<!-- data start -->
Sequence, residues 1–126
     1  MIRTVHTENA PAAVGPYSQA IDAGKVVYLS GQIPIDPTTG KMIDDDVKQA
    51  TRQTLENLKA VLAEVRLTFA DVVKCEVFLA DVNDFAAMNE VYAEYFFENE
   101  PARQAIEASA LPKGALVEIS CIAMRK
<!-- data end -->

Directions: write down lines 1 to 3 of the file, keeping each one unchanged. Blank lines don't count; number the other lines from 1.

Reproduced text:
Sequence, residues 1–126
     1  MIRTVHTENA PAAVGPYSQA IDAGKVVYLS GQIPIDPTTG KMIDDDVKQA
    51  TRQTLENLKA VLAEVRLTFA DVVKCEVFLA DVNDFAAMNE VYAEYFFENE